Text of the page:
|Newark Beth Israel Medical Center|
|Location||Newark, Essex County, New Jersey, United States|
|Affiliated university||New Jersey Medical School|
Newark Beth Israel Medical Center (NBIMC), previously Newark Beth Israel Hospital, is a 665-bed quaternary care, teaching hospital located in Newark, New Jersey serving the healthcare needs for Newark and the Northern Jersey area. It is one of the region's only academic university-level teaching centers. The hospital is owned by the RWJBarnabas Health System and is the third largest hospital in the system. NBIMC is affiliated with the New Jersey Medical School of Rutgers University and features over 100 residents. It has an adult and pediatric emergency department, but serious trauma is usually handled by the nearby University Hospital. Attached to the medical center is the Children's Hospital of New Jersey, which treats infants and young people up to age 21.
In 2011, the Newark Beth Israel Medical Center was ranked among the top 50 hospitals in the United States for specialty care in cardiology and heart surgery. The following year, it remained highly ranked but was not in the top 50 hospitals nationwide.
Newark Beth Israel Medical Center is home to one of the nation's ten largest heart transplant centers, according to Becker's Hospital Review.
In 2020, the hospital was given an "A" by the Leapfrog Hospital Safety Grade.
In 2019, federal regulators announced that Newark Beth Israel Medical Center put patients in "immediate jeopardy" before the hospital began to implement corrective measures, according to federal regulators. The investigation was begun after reporters from ProPublica found that the hospital's transplant team was failing to learn from surgical errors. According to the Center for Medicaid and Medicare Services, regulators found a series of incidents in which the hospital recognized areas for improvement following botched surgeries, but didn't carry out its own recommendations, leading to mistakes on subsequent operations. Regulators also uncovered stories of hospital staff failing to obtain informed consent and to seek information from patients' and family members' "do not resuscitate" orders. Weeks later, Congressman Donald M. Payne, Jr. issued a statement about the corrective actions taken by the hospital, saying, "Based on my communications with the hospital, I believe the situation is moving in the right direction at this time and I will continue to monitor it."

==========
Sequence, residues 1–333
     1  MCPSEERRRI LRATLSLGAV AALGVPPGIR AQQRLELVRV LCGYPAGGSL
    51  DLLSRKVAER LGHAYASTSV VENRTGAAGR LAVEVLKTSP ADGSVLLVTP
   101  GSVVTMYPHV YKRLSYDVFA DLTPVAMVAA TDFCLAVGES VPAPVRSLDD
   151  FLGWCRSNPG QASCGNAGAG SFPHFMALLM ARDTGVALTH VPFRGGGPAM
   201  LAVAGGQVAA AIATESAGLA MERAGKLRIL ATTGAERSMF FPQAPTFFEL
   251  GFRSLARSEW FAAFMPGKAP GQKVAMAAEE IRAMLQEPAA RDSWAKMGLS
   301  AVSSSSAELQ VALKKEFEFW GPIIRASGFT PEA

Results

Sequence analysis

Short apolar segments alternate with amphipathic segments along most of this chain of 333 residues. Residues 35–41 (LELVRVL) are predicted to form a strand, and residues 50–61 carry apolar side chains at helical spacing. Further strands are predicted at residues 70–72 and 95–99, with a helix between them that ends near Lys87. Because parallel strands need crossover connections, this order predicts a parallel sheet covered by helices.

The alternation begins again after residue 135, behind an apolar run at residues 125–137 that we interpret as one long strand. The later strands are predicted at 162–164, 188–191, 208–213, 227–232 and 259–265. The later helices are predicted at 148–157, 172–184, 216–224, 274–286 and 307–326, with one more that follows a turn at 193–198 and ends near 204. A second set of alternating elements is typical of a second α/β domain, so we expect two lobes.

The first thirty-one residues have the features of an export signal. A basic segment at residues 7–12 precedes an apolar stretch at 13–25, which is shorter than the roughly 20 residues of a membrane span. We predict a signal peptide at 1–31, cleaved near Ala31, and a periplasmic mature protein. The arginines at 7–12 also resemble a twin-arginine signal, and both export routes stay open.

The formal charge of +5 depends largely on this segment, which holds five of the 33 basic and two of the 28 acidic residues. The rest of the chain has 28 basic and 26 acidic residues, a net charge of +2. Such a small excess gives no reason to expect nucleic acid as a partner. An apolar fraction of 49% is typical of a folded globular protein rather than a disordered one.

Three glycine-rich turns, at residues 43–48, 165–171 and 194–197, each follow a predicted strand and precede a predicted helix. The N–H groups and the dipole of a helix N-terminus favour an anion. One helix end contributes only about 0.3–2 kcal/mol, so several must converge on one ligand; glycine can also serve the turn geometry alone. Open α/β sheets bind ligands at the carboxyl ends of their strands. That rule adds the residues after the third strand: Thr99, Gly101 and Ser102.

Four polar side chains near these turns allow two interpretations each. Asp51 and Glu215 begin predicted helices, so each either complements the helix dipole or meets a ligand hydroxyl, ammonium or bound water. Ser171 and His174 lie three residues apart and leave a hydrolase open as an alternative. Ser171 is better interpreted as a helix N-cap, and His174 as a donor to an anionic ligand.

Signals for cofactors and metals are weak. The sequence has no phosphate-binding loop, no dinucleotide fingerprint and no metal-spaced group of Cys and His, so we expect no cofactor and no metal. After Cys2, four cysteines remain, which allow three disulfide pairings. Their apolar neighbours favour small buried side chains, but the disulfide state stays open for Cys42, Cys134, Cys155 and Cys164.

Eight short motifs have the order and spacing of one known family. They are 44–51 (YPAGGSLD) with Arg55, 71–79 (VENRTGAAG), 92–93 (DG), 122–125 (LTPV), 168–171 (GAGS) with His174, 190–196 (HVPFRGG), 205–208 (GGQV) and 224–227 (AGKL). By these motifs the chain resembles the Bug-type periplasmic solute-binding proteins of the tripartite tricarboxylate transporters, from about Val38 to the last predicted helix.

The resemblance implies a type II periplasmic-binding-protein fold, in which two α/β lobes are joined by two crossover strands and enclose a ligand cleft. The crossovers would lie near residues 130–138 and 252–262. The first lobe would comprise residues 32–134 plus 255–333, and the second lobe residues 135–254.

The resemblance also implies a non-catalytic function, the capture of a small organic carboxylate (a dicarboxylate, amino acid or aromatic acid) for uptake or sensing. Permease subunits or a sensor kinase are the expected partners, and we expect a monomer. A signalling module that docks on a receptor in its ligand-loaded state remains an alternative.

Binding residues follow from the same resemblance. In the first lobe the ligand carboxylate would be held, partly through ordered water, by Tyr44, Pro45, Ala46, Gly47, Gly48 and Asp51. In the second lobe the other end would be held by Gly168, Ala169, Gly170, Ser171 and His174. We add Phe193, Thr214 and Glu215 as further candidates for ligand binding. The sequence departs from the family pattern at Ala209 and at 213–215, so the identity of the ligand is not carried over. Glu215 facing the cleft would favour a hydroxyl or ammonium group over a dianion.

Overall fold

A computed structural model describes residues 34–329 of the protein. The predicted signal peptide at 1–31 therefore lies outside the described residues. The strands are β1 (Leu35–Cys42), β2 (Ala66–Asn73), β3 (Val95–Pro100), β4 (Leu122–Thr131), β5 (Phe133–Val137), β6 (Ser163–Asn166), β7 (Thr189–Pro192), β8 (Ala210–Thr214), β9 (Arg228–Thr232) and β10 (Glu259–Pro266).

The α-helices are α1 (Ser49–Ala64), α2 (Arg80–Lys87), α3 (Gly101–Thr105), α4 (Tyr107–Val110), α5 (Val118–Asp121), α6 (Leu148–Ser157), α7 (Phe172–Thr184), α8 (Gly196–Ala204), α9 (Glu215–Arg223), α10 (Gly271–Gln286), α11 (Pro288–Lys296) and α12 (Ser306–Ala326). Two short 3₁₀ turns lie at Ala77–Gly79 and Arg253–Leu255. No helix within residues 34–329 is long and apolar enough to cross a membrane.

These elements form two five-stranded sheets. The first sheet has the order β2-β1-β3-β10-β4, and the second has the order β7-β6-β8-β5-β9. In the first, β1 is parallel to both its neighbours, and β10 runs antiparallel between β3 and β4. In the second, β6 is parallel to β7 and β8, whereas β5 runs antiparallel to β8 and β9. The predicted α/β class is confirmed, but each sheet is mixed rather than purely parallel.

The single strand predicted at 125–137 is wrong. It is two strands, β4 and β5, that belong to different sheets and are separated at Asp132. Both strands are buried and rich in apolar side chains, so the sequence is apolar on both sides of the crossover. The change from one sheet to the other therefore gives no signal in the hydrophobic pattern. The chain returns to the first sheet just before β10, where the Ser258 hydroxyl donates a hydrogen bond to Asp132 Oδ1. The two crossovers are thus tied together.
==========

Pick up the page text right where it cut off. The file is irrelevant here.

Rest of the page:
In 2020, the hospital suspended a staff member for distributing unauthorized protective gear after the staff member used GoFundMe to raise money to buy gowns and masks for hospital staff to use in dealing with Coronavirus disease 2019 patients.
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